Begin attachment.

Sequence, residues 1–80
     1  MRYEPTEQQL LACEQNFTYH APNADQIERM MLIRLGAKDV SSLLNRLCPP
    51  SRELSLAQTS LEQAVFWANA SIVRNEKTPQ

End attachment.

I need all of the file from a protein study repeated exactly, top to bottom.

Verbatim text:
Sequence, residues 1–80
     1  MRYEPTEQQL LACEQNFTYH APNADQIERM MLIRLGAKDV SSLLNRLCPP
    51  SRELSLAQTS LEQAVFWANA SIVRNEKTPQ